I do remember the Cold War. Maybe you remember it like I do:
Marx = Communism = Soviet Death Squads + Ladas+ No Toilet Paper or Bread Today. In other words, I grew up with a very typical, boiled down (and incorrect) understanding of who Karl Marx was, and what his ideas have meant for economics and sociology.
Now if you aren’t mucking about in sociology or economics, you probably don’t care about the finer points of Marx like academic types do. Nonetheless, I hope you’ll bear with me as I try to give Marx his due here by telling you a little bit about his humanism. There’s (even) a point to this: Marx has something to say about why you may or may not hate your job. Also, as I proposed in my title, Marx has something to do with why the gynormous craft store Michael’s exists.
Grumpy, There’s-Gonna-Be-A-Revolution Marx
Marx was actually a rather hard-headed, cantankerous sort of guy. Being poor himself couldn’t have helped. And he was seriously pissed about the miserable conditions under which the urban poor lived and worked. The Industrial Revolution was in full “flower.” Capitalism seemed to be benefiting a few by sacrificing the many, and Marx didn’t see things getting any better.
This is where your communism bit came from. Marx formulated economic theories that would serve as the basis for socialist revolutions, and eventually the formation of the U.S.S.R.  And because, as noted above, Marx is associated with the all the Communist Evils and eventual failures of the Soviet Union, his ideas remain suspect in popular imagination.
The Lesser-Known Marx
So here’s the cool thing you should know about Marx: before the aforementioned stuff that focused largely on economic and political theories, Marx was, in his younger years more of a humanist philosopher than an economist . So what, you may ask, is humanism? Basically it’s a very optimistic idea that human beings are capable of achieving progress and finding meaning without being subject to the whims and mysteries of God. Humanism is all about using science and reason and the arts to maximize human freedom and potential.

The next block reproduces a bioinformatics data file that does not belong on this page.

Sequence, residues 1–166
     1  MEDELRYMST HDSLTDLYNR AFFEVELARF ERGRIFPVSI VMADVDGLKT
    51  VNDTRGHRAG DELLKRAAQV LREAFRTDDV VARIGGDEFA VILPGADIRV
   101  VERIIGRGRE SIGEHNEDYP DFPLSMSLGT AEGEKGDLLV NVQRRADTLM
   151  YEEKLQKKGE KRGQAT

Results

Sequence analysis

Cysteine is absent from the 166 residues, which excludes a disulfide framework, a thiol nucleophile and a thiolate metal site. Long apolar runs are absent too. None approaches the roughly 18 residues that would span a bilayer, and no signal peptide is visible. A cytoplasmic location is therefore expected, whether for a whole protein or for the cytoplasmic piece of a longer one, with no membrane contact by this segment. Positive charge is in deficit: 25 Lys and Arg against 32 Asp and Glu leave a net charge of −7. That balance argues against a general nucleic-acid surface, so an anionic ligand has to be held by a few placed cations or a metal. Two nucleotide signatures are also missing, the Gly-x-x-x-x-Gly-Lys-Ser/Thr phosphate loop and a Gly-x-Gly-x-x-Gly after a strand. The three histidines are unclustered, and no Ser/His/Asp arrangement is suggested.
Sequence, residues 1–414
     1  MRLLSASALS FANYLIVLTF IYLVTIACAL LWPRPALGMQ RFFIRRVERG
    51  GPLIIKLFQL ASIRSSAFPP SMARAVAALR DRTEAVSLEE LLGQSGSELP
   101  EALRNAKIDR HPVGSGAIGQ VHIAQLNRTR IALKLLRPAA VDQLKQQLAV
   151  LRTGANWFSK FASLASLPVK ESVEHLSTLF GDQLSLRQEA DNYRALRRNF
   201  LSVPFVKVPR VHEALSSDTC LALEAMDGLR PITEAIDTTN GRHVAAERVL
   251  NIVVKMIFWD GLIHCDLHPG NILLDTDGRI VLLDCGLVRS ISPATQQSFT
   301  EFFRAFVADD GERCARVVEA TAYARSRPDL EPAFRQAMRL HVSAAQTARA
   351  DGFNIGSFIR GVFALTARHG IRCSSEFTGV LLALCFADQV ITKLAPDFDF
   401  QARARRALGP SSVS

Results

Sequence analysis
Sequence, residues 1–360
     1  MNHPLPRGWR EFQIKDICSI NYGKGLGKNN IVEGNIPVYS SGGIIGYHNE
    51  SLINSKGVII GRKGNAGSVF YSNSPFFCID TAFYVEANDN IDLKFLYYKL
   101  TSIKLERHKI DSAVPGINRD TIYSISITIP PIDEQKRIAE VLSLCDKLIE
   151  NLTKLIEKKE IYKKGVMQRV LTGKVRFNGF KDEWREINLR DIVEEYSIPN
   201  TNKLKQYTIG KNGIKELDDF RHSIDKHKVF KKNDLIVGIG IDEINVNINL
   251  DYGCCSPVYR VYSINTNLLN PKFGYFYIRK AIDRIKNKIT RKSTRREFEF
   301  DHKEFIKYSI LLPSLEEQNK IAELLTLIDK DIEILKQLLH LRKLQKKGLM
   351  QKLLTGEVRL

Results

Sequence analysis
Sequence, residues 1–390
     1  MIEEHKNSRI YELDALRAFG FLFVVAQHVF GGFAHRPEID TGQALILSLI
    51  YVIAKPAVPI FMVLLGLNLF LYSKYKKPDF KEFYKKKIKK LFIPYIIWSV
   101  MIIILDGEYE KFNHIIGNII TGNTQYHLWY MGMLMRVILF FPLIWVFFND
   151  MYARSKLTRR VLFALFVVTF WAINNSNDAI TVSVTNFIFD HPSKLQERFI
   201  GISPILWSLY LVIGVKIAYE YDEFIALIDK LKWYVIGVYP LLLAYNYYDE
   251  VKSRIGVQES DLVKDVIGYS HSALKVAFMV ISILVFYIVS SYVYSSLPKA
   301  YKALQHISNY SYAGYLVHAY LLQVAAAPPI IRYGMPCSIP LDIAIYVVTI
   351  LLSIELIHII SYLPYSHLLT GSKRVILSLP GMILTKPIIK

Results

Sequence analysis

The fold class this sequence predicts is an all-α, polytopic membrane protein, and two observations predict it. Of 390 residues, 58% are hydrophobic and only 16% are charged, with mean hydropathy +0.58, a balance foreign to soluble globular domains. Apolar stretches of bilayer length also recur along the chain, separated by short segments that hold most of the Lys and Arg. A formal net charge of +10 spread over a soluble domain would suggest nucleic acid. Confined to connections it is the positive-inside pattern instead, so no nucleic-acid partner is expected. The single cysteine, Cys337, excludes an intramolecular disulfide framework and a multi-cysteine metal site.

And here’s why Marx’s humanism is important: he understood that our work, our labour, is tied to our happiness, not just for what it can buy (that is, exchanging the value of our labour for material goods) but for its own sake. According to Marx, productive work is part of what it means to be human. When we are unable to fully participate in productive work, we lose out on an essential component of human fulfilment. Marx called this his theory of alienation of labour. When our jobs became broken down into component bits of production (think assembly lines), and we buy all the crap we need instead of making it or growing it ourselves, we lose something of ourselves. What we gain in convenience, we lose in creative expression, sense of accomplishment, and sense of connectedness to our material environment.
Now fortunately not all jobs are like this. I may be a broke graduate student, but I get to do really cool work, which sure helps to offset my conspicuous lack of material prosperity. But I’ve also worked my share of mind-numbing jobs with no latitude whatsoever in the learning and creativity departments. Serious unfreedom, that. Serious alienation. For many, many people, this is an ongoing reality of working life, and there’s no end in sight. Which sucks. Is it any wonder we seek other outlets? If Marx is right (and I think he is) we will be fundamentally unhappy without opportunities to learn, grow, create and make choices in our labour.
Make Your Own Soap
So a couple of years ago I’m in Michael’s Christmas shopping, because my step-kids are still in this Craft Freak stage. I’m looking at these kits and supplies for those who would Make Their Own Soap, and thinking, “Why make your own damn soap, really?” You can buy it ready made for much less money than it costs to make it, and certainly there is no shortage in the variety of soaps you can buy: all price points, all flavours.